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Annuities

Split a Deferred Annuity

New rules give deferred annuity owners flexibility with their savings.

EDITOR'S NOTE: This article was originally published in the January 2011 issue of Kiplinger's Retirement Report. To subscribe, click here.

Deferred annuity owners have a new option: a simple way to carve up the cash, transforming part into an immediate annuity to produce a regular stream of income while leaving the rest to grow tax-deferred. And considering today's rock-bottom interest rates, an easy option to "annuitize" just part of a deferred annuity buys owners important flexibility.

 

Before the new rules took effect January 1, splitting a deferred annuity could be costly and cumbersome. One option to partially annuitize was to surrender the contract, which might trigger hefty surrender charges, and buy an immediate annuity with part of the money. Another route was to exchange the deferred annuity contract for two annuity contracts -- one to annuitize and one to leave alone. Or you could withdraw a portion of the balance to purchase an immediate annuity, but that withdrawal would likely be 100% taxable.

Under the new law, you can simply take your deferred annuity contract and carve out a piece to annuitize. The immediate annuity will be a supplemental contract, and you can maintain the balance as the original deferred annuity. "What this means, and was meant to do, is that you can get an income stream, but allow some of the money to grow -- to outpace inflation," says Richard Byrne, vice-president of retirement income for MassMutual. The new provision applies only to deferred annuities purchased with after-tax money and held outside of retirement plans.

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Better Tax Treatment

An important part of the new rule makes it clear that favorable tax treatment applies to the immediate annuities created by the split. Because you invest after-tax dollars in a deferred annuity, you have a cost basis in the contract equal to the amount you invest. But it had been unclear as to when the basis would come into play when figuring tax on a partial distribution. Byrne says the IRS had treated partial annuitizations as a withdrawal. And that means the IRS treated it harshly.

The tax law treats payouts from annuities in two ways. If you simply withdraw cash, the IRS considers the first money you receive to be earnings, fully taxable in your top tax bracket. Only after you have withdrawn and paid tax on 100% of the tax-deferred earnings do you begin dipping into your basis tax-free. But when the contract is annuitized to make lifetime payments, part of each payment is considered a tax-free return of the owner's investment, and the rest is taxable earnings.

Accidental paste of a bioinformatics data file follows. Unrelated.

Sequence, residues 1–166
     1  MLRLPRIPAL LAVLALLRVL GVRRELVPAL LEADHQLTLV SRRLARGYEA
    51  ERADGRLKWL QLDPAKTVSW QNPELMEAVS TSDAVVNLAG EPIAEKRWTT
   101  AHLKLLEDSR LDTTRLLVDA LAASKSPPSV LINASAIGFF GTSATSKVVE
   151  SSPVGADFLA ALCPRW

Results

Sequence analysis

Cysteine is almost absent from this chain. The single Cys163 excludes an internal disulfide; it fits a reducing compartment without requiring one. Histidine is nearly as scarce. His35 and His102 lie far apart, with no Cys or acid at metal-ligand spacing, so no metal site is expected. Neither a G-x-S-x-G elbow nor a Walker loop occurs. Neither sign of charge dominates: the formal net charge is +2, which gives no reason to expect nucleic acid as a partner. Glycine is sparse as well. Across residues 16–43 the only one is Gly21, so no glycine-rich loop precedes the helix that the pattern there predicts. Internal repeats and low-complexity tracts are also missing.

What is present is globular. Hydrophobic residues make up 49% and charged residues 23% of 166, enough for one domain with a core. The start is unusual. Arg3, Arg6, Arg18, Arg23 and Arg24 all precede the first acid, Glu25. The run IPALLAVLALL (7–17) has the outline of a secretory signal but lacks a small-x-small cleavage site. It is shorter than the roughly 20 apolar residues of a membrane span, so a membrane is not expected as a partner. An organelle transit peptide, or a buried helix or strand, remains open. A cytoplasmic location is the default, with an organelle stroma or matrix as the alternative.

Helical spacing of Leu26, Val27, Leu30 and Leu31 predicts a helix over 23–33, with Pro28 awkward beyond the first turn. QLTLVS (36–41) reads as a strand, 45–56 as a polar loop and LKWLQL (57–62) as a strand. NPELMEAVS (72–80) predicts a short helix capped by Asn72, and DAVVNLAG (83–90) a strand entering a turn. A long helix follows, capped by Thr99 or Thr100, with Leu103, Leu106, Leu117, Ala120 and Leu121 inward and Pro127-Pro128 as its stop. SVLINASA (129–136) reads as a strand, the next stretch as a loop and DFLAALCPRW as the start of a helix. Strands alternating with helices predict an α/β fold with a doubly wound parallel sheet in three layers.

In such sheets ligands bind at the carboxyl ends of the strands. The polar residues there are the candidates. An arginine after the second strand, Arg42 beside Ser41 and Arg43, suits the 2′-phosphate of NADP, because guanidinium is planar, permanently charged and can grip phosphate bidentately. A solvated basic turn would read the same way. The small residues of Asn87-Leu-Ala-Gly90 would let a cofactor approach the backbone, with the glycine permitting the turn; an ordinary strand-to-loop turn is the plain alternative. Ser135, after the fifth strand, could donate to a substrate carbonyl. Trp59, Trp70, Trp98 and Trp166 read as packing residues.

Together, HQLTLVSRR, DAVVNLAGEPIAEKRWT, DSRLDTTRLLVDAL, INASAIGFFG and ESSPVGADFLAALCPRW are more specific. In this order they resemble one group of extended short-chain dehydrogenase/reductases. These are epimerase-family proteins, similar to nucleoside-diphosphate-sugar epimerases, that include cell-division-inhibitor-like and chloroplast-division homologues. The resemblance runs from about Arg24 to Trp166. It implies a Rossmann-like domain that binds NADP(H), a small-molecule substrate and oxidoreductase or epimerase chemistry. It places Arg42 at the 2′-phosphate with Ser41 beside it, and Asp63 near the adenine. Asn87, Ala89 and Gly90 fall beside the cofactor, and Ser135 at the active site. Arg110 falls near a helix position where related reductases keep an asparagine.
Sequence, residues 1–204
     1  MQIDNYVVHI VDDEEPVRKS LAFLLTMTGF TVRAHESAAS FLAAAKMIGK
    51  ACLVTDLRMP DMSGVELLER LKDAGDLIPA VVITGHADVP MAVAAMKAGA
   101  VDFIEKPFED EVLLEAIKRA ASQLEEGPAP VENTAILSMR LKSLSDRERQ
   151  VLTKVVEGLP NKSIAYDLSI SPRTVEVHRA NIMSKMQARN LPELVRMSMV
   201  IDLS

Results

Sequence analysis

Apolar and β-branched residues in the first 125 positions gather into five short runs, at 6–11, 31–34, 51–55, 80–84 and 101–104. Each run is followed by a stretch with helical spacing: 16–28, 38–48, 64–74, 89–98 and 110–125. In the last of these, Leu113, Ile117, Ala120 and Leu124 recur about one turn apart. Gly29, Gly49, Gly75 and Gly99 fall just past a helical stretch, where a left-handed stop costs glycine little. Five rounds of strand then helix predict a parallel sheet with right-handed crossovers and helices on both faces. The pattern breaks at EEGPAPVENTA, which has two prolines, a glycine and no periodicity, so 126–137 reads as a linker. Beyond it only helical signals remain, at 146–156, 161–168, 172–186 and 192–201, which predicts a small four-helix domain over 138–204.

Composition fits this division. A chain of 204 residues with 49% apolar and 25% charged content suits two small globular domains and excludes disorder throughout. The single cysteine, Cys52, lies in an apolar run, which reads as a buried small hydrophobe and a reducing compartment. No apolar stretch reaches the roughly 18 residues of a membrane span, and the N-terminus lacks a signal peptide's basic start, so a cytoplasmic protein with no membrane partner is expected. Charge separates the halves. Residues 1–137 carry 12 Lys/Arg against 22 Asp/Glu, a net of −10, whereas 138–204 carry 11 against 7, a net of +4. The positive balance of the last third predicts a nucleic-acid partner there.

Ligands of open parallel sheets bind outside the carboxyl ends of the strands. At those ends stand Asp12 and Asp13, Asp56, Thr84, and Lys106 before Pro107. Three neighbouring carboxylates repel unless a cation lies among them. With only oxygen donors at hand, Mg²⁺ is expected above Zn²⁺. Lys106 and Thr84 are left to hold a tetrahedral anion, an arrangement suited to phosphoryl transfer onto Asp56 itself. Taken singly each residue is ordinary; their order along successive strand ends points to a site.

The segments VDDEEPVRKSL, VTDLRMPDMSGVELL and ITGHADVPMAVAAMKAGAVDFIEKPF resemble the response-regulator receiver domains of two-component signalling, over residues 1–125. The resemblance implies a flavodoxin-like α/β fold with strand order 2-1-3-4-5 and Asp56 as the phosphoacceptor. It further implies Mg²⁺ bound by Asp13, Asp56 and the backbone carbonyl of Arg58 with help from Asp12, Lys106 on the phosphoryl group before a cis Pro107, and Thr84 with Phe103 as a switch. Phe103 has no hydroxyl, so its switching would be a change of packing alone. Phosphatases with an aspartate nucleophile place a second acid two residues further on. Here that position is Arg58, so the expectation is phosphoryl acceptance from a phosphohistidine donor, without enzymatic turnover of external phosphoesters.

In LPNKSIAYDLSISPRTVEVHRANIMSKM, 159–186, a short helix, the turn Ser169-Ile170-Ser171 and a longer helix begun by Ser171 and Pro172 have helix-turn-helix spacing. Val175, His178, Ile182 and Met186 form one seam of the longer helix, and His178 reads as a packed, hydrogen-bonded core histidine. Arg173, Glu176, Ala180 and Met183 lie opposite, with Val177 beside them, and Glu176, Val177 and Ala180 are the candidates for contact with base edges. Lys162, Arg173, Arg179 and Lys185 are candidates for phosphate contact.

The new law clarifies how the tax rule works for partial annuitizations, says Drew Denning, vice-president of income solutions for the Principal Financial Group. "You can use a prorated portion of the basis," he says.

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Let's say you invested $50,000 in a deferred annuity that is now worth $100,000 and you want to annuitize $50,000. Half of the balance -- and half of your basis ($25,000 in this example) -- would transfer to the immediate annuity. As long as you annuitize for ten years or more, you'll gradually recover your basis via a tax-free portion of each payment you receive.

Eventually you would still pay the same amount of tax, but being able to distribute the cost basis disperses the tax burden on the payouts instead of paying all the tax upfront. "You still pay tax on the gains, but it is spread over time," says John Little, senior vice-president of federal affairs for the Insured Retirement Institute, a trade association.

Don't worry about figuring out the tax-free and the taxable parts of each payment. The insurance company will figure that for you and report it on a Form 1099 for tax time. The calculation is based on an exclusion ratio that factors in your basis and the total amount you're expected to receive over the life of the annuity.

Meanwhile, the money left in the deferred annuity will continue to grow tax-deferred, until you decide to withdraw it or make another partial annuitization. "You can do it multiple times," says Byrne.

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If you partially annuitize at age 65, you could do it again, perhaps every five or ten years. Even if you annuitized the same amount each time, each partial annuitization would have a slightly higher payout because of your older age. And if interest rates go up, all the better. Essentially, you could use partial annuitization to create a ladder of income streams carved out of the original contract.